Image 2

Neat, right?

Note: Please ignore the blue color. I didn’t like how we had a white floor when I was experimenting with things and decided to create a Blue material and dragged it to the floor to change the color. This was purely an aesthetic change and not anything else.


After today, we now know how to apply materials on to game objects, specifically the outline material we created in the previous post.

Alongside of that, we refreshed again on how we can use the Event Triggers to allow us to easily interact with the game objects. It’s just that useful!

Now that we have the highlighting done, in the next post, we’re going to finally learn how to grab and throw the object in our game! See you then!


This article, along with any associated source code and files, is licensed under The Code Project Open License (CPOL)


About the Author

United States United States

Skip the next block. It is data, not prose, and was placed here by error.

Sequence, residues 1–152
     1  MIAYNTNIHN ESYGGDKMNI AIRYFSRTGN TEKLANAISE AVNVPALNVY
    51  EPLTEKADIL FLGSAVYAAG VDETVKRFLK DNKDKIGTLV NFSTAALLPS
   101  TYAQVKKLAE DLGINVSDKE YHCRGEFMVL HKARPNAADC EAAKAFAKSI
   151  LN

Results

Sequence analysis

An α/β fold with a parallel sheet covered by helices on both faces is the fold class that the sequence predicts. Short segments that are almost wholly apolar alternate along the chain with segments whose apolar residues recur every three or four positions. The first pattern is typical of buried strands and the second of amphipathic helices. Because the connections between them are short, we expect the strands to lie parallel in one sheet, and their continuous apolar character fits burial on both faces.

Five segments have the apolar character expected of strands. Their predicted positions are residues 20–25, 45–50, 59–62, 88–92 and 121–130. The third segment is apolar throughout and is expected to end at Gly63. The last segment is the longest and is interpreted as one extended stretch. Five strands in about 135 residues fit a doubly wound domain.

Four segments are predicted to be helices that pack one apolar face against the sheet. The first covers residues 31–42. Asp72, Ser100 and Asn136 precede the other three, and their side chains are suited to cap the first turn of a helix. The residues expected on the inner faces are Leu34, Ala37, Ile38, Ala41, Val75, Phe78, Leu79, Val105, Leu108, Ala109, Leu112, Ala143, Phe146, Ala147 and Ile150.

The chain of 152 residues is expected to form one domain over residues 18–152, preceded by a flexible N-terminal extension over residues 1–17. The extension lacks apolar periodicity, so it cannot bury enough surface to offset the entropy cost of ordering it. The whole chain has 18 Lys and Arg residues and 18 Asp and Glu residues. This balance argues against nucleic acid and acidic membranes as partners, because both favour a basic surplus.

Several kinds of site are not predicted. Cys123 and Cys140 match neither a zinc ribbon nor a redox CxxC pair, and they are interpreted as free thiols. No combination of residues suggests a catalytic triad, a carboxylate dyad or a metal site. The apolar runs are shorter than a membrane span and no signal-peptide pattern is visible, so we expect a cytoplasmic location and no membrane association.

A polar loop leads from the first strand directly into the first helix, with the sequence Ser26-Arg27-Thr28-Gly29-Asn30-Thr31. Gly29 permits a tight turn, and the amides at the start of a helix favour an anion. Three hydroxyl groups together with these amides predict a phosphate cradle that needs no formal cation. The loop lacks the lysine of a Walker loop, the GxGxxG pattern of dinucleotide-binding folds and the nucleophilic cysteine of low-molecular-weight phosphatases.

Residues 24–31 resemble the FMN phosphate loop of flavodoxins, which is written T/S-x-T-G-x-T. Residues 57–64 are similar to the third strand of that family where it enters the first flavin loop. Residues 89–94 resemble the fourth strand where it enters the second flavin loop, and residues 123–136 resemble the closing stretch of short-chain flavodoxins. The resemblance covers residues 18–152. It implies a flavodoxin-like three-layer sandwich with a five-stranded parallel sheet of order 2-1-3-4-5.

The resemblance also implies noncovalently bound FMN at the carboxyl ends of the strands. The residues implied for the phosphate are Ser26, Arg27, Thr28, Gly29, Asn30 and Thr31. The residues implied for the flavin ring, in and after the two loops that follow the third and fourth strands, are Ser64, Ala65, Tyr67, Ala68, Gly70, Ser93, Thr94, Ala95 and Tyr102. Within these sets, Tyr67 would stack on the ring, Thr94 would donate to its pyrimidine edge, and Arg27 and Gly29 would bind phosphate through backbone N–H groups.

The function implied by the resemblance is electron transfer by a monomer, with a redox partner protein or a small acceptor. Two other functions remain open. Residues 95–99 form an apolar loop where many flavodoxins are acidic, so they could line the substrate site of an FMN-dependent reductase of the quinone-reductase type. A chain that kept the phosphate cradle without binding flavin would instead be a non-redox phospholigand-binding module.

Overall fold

Joshua is a passionate software developer working in the Seattle area. He also has experience with developing web and mobile applications, having spent years working with them.

Joshua now finds his spare coding time spent deep in the trenches of VR, working with the newest hardware and technologies. He posts about what he learns on his personal site, where he talks mostly about Unity Development, though he also talks about other programming topic that he finds interesting.

When not working with technology, Joshua also enjoys learning about real estate investment, doing physical activities like running, tennis, and kendo, and having a blast with his buddies playing video games.